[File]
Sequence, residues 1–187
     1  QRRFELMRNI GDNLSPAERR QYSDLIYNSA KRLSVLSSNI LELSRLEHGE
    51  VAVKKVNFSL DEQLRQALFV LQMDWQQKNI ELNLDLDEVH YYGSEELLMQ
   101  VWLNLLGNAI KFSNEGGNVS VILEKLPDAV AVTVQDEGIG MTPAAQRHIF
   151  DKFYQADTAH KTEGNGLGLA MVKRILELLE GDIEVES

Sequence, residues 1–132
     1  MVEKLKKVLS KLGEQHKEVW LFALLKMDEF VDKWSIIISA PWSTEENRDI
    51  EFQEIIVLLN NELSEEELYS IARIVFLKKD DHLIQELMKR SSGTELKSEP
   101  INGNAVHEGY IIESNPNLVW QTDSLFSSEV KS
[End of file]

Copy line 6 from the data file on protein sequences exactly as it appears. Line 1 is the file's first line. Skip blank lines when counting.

Sequence, residues 1–132